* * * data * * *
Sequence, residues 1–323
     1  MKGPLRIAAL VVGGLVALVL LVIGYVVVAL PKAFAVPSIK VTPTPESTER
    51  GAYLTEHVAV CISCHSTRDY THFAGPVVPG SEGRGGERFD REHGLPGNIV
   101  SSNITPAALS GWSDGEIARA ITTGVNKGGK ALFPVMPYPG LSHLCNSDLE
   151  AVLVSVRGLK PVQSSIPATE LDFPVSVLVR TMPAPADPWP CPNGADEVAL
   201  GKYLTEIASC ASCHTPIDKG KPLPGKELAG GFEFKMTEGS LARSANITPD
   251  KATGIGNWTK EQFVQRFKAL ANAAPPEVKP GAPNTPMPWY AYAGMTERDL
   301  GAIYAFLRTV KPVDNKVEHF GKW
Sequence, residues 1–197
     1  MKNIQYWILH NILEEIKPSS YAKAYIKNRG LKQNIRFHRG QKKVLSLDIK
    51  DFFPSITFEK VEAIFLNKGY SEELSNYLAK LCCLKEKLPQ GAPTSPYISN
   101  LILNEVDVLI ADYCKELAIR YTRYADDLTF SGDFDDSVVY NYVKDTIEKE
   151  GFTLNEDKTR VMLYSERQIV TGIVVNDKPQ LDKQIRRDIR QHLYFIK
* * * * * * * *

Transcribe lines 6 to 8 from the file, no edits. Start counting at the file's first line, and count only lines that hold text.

   201  GKYLTEIASC ASCHTPIDKG KPLPGKELAG GFEFKMTEGS LARSANITPD
   251  KATGIGNWTK EQFVQRFKAL ANAAPPEVKP GAPNTPMPWY AYAGMTERDL
   301  GAIYAFLRTV KPVDNKVEHF GKW